Some notes on Medicaid news from this week. First some good news:
This is the fourth successful campaign for a Medicaid ballot initiative. Voters in Idaho, Nebraska, and Utah will get a chance to decide whether to expand coverage. Mainers voted in favor of this last year.
— Jeffrey Young (@JeffYoung) July 5, 2018
People want healthcare. People want to be able to go to the doctor when something is not right and not worry that it will screw them over for the next decade because of debt. And the initiative process is one route forward. Emma Sandoe has noted that Nebraska’s unicarmal legislature has assembled a majority for Medicaid expansion in the past but not the super majority needed. The odds are probably pretty decent that Medicaid expansion will pass in the Cornhusker state.
Breaking News: A federal judge blocked Kentucky's plan to impose new Medicaid rules requiring the poor to work to maintain their health coverage. https://t.co/nwlElTdeoP
— NYT Health (@NYTHealth) June 29, 2018
A federal judge ruled that the Kentucky Medicaid waiver for work requirements is arbitrary and capricious and sent the approval decision back to CMS for reconsideration. CMS did nothing to consider the massive enrollment losses. He also noted that the point of Medicaid is to cover medical costs first and foremost. Everything else is a secondary point.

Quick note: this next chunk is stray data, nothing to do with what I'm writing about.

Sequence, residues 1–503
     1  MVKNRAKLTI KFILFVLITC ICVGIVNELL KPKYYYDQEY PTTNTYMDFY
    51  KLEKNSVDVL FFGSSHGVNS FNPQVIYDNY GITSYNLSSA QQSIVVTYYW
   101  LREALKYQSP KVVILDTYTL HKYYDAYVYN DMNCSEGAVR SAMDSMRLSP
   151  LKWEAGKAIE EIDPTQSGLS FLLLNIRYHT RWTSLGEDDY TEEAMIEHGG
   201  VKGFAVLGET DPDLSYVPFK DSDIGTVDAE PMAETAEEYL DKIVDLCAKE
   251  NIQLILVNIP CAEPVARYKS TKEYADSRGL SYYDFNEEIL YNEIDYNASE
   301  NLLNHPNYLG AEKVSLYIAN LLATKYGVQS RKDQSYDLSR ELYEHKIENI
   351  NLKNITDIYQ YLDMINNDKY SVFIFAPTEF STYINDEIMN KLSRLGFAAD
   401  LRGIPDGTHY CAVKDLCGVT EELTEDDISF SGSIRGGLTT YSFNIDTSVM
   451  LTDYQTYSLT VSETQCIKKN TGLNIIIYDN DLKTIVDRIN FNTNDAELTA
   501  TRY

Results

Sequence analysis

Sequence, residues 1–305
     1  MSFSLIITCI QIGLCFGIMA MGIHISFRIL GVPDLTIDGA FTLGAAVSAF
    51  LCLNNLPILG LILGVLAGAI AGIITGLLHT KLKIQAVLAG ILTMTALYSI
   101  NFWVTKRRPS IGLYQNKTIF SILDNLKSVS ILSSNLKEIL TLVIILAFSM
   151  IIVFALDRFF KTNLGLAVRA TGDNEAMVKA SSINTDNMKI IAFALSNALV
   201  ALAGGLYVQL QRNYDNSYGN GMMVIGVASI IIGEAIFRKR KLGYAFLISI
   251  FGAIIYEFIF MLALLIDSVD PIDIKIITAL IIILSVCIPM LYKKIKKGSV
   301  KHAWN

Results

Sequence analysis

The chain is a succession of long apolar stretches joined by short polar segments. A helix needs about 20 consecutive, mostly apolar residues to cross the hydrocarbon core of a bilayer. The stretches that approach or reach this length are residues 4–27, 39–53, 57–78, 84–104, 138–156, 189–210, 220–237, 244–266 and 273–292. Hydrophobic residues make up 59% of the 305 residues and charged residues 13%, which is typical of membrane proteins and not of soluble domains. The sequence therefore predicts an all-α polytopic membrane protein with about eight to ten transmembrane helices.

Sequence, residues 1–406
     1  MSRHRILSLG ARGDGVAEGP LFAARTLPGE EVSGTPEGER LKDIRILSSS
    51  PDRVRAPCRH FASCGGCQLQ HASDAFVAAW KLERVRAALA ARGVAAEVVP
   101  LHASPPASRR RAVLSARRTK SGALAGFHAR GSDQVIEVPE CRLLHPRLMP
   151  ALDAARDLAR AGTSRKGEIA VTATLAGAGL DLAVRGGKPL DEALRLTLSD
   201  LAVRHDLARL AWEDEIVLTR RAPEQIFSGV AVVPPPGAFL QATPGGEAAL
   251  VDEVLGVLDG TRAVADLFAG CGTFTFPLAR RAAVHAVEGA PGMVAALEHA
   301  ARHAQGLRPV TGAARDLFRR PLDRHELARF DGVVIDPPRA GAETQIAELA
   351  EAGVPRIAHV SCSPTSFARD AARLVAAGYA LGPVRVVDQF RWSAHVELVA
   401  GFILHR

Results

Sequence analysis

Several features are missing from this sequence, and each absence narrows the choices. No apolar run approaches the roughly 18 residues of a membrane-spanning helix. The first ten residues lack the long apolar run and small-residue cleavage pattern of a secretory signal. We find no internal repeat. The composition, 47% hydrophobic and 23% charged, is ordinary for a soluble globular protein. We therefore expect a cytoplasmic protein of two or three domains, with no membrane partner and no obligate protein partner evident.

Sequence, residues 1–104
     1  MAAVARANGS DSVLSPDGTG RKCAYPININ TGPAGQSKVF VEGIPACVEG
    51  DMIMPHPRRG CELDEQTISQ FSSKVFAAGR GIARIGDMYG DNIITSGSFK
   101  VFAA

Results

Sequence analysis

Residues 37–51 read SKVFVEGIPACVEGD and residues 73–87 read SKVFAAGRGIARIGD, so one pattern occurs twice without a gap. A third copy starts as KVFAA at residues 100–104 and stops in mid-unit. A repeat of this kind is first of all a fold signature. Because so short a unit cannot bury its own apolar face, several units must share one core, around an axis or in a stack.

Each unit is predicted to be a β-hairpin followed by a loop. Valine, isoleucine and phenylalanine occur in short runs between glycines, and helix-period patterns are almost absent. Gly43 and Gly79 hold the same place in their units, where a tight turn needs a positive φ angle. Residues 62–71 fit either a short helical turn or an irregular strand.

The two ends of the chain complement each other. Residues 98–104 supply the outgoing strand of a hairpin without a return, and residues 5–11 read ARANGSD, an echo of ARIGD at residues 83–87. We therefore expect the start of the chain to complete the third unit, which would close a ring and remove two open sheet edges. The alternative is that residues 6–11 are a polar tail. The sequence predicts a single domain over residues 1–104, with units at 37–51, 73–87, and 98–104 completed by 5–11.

And now some messed-up news. Arkansas has work requirements for its Medicaid population. The first round of reporting ended last night and the early reports are that at least half of the people failed to jump through the paperwork:
11,000 enrollees who had to report whether they met the requirement or qualified for an exemption in June, more than 8,000 remained out of compliance as of late last week, Marci Manley, a spokesman for the state Department of Human Services, said in an email.
And in Catch-22 news, Mississippi modified their proposed work requirements. Remember, Mississippi does not have Medicaid expansion and they have very tight eligibility requirements in general (via Modern Healthcare:
Any person who works 20 hours per week in a minimum-wage position would earn $7,540 annually, but the state’s income eligibility cutoff is 27% of the federal poverty level, or an annual income of $4,444.
Work to meet the requirement and a non-disabled, non-pregnant adult makes too much for Medicaid and not enough to meet tax credit eligibility for a CSR Silver plan on the Exchange. Not work to keep Medicaid, and the work requirements limit Medicaid. It is one hell of a catch even as there are volunteer and job training options that don’t produce income that could qualify as “community engagement”.